Every new semester brings a spring of opportunities. Whether it’s redemption for previous grades that may have been less than ideal, resolving to finally muster up enough courage to leave your dorm room and explore campus, or setting your mind on finally implementing that procrastination-proof study schedule, all are fresh possibilities once again. This spring, we continue our journey as Muslims on campus to come together and build a fertile community. Last semester brought about many new and unique activities ranging from the Food Recovery Network and the Steeping Room to our 9/11 Awareness Week, from Undercover as a Muslim Woman to our involvement in the “End Hate Speech” Campaign. Many of these initiatives proved fruitful and allowed us to better reach out to other Muslims while simultaneously exposing many on campus to an Islam they hadn’t seen before. Through our numerous programs last semester, we were able to do a lot of good for Muslims and others alike. Still, there is much room for improvement particularly in the state of our Muslim community on campus . From our religious tradition, we know of the concept of gradations of individuals. Allah says in the Quran “To all are degrees or ranks according to their deeds.”[al-An'am, 6: 132], and while we do not know what is in the hearts of our brothers and sisters, we are also very familiar with the notion that we are all at varying stages on a common spiritual journey. On this campus and within our MSA, this phenomenon is even more apparent. Being students at such a large university, we have been blessed with the opportunity to be exposed to a large amount of diversity. A concentration of thoughts and exposure to all walks has life has developed the appreciation for our own. Thus, many of us are very passionate about Islam and that passion causes change in our actions and outlook. However, there are even more of us who have yet to experience this change. Prophet Muhammad (peace be upon him) said “The Believers in their love, mercy and compassion for one another are like one body: if one organ aches, the rest of the body develops a fever.” This hadith shows how revolutionary Islam is because it dictates that we create a permanent bond of love and compassion with another person based on the single premise of faith. All other relationships are transitory because they are based on fleeting matters: likes, dislikes and mere association. Our faith in Islam is something that transcends this life because it is also a distinction in the next. We must ask ourselves the question, then: what have we done for ourselves and our brothers and sisters in faith who are struggling to make the change and advance along their spiritual journey? Have we extended a hand to those who need it or only reached ahead to pull ourselves forward? Islam commands community because of its ability to improve us through mutual benefit. This is supposed to be the main quality of the MSA: a group of individual Muslims that benefit eachother for collective progress. We have to humble ourselves in order to realize that while we all have something to offer, we have even more to learn. This semester, our activities will reflect these two objectives: humility and community. It is our duty to be there for one another. I ask that you join us on this journey. WRITTEN BY Muneer Zuhurudeen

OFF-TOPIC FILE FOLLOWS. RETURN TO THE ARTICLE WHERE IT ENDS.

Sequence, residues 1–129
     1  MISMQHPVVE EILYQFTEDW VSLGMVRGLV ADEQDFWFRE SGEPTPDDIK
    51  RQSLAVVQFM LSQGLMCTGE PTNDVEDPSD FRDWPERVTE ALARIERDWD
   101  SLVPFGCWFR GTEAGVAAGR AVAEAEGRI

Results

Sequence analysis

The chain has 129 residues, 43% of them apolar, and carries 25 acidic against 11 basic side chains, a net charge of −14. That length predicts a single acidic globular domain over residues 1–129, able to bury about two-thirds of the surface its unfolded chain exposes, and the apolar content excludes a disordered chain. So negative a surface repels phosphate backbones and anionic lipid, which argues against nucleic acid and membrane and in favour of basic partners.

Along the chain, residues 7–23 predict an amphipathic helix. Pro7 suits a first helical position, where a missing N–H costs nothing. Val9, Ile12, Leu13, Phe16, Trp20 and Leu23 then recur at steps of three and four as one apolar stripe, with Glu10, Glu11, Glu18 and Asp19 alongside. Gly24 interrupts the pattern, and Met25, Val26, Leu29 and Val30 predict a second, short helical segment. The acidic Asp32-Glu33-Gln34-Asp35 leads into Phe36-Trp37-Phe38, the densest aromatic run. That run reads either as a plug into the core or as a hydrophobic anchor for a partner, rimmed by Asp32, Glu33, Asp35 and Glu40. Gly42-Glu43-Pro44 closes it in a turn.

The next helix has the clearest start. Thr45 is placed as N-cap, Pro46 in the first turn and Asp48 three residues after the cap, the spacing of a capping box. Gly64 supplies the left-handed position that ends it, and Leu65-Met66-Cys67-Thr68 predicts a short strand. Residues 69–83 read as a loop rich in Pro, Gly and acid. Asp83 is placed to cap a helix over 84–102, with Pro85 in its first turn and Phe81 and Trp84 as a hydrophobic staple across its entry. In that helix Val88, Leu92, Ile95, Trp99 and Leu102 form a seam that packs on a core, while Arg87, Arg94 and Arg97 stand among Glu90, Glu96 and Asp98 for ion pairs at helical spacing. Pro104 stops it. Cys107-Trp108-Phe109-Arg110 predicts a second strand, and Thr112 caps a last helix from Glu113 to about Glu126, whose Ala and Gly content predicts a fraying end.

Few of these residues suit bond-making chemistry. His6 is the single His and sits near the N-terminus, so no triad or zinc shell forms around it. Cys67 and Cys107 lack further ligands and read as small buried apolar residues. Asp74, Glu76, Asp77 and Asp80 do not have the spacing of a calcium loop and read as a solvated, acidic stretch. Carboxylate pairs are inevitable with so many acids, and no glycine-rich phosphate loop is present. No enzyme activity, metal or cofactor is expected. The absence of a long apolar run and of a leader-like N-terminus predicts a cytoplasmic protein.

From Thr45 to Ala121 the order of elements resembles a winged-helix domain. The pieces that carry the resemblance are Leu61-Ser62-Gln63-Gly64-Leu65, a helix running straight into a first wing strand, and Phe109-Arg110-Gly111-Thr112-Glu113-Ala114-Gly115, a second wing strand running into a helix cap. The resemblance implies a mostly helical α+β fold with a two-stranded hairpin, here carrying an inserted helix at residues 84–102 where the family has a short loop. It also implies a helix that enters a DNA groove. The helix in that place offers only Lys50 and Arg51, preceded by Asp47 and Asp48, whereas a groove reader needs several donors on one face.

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Volume 19 ● Issue 4 ● February 2012 ● Rabi’ al Awwal 1433

Love: For the Sake of Allah

You can find this issue and more online!

www.issuu.com/alnur

Al-Nur February 2012  

Check out the first editon of Al-Nur for the Spring 2012 semester. Our focus is Love: for the Sake of Allah. Enjoy!